Harnessing aspects of quantum physics, the UK is set to take a quantum leap and revolutionise markets in communications, computing, navigation, sensing and imaging.

These technologies are the focus of $4 billion worth of  strategic investment by leading economies, including £350 million by the UK government, mostly in Scotland.

Why Glasgow?

Uniquely placed to lead further development of quantum technologies, the expertise of the universities and industry partners has positioned Glasgow as an internationally recognised innovation hub in this field.

The region is a significant contributor to the UK quantum technologies programme, as it looks to become the centre for a new quantum technology supply chain.

 

The University of Glasgow leads Quant IC – one of the UK’s four Quantum Technology Hubs in quantum-enhanced imaging – which aims to translate quantum imaging science to the marketplace. With a £3 million innovation space to support academic and industrial collaborations, the centre has engaged with 100 companies, 35 of them Scotland-based. QuantIC has a £30+ million grant portfolio, and has secured almost £30m in new funding and support from research grants as well as industry.

The university’s James Watt Nanofabrication Centre (JWNC) is the source of many micro- and nano-fabricated components in use throughout the UK quantum technology programme, and is a cornerstone of the national capability in this area. JWNC supports a £60 million portfolio of research grants, and engages with over 200 companies worldwide.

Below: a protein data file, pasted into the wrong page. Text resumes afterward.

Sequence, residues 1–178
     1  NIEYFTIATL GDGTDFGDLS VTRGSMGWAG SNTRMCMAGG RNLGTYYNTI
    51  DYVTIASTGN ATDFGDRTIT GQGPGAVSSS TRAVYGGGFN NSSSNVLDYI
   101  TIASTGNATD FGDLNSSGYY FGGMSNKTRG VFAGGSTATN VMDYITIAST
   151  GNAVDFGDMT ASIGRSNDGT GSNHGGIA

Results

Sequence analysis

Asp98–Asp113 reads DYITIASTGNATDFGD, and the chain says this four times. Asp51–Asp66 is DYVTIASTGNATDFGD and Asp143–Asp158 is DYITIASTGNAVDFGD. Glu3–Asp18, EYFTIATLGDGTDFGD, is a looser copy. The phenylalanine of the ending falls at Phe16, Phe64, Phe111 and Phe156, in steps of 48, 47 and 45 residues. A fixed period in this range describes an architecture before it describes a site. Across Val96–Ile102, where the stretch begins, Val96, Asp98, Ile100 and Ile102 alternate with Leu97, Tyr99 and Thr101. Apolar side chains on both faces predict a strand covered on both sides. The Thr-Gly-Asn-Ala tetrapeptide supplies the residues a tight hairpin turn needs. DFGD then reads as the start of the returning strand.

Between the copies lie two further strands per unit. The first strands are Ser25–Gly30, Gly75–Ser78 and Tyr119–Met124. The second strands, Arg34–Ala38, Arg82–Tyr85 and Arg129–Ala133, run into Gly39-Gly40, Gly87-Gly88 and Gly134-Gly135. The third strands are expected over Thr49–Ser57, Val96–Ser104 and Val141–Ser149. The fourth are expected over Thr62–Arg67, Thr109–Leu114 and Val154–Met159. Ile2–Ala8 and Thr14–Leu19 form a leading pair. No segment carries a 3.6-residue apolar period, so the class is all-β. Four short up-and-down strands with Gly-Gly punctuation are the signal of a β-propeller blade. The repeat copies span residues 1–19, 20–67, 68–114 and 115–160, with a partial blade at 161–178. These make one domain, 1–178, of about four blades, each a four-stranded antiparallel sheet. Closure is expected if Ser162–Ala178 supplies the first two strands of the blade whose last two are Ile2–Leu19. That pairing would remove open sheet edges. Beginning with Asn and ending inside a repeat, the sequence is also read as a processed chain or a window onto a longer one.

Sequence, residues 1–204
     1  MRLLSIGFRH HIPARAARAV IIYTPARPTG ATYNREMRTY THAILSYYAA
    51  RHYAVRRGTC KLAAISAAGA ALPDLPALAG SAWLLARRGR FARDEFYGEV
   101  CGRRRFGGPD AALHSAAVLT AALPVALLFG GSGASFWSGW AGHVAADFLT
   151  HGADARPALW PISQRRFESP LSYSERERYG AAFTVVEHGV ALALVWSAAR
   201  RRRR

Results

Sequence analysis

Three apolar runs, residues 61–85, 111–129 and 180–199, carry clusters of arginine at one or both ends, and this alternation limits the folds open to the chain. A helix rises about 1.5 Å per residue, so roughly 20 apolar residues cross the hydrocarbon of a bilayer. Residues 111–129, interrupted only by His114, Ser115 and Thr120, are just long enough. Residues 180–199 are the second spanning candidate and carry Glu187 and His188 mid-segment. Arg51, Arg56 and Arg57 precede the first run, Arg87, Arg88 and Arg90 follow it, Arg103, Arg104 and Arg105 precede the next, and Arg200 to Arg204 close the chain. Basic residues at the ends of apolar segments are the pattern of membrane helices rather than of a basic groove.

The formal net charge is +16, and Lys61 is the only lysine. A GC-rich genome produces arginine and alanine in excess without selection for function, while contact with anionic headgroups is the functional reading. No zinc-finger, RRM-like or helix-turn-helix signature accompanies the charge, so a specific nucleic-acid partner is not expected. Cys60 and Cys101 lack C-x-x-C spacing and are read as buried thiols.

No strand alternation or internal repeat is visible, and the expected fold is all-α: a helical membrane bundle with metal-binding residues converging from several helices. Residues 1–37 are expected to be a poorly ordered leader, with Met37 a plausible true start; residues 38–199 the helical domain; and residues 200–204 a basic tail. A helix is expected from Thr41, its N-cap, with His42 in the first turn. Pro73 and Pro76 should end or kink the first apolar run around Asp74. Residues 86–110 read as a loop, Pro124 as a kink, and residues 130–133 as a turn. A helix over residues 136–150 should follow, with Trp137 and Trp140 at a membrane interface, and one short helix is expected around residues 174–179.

The University of Glasgow is working in partnership with Glasgow City Council and Scottish Enterprise to establish the Clyde Waterfront Innovation Campus (CWIC) which will see the expansion of the JWNC and the establishment of a unique innovation ecosystem for developing enabling technologies. This will include co-location laboratories and office space for industry as well as a portfolio of business engagement and support projects targeted at stimulating entrepreneurship, increasing R&D and accelerating innovation.

A Quantum Innovation Agency is also being developed in Glasgow. Led by M Squared Lasers, Optocap, Kelvin Nanotechnology and Compound Semiconductor Technologies with support from the Universities of Glasgow and Strathclyde, it will help facilitate new and existing companies to build practical and reliable quantum systems and promote adoption to a wider audience.

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